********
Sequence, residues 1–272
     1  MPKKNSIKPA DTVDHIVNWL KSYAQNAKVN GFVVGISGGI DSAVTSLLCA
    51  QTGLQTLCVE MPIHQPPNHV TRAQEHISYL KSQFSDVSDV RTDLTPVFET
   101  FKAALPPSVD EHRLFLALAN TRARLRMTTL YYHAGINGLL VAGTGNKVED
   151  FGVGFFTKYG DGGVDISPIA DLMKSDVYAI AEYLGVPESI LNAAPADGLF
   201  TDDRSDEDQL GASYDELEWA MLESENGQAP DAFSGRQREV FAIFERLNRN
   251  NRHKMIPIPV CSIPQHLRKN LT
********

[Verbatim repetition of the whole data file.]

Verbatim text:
Sequence, residues 1–272
     1  MPKKNSIKPA DTVDHIVNWL KSYAQNAKVN GFVVGISGGI DSAVTSLLCA
    51  QTGLQTLCVE MPIHQPPNHV TRAQEHISYL KSQFSDVSDV RTDLTPVFET
   101  FKAALPPSVD EHRLFLALAN TRARLRMTTL YYHAGINGLL VAGTGNKVED
   151  FGVGFFTKYG DGGVDISPIA DLMKSDVYAI AEYLGVPESI LNAAPADGLF
   201  TDDRSDEDQL GASYDELEWA MLESENGQAP DAFSGRQREV FAIFERLNRN
   251  NRHKMIPIPV CSIPQHLRKN LT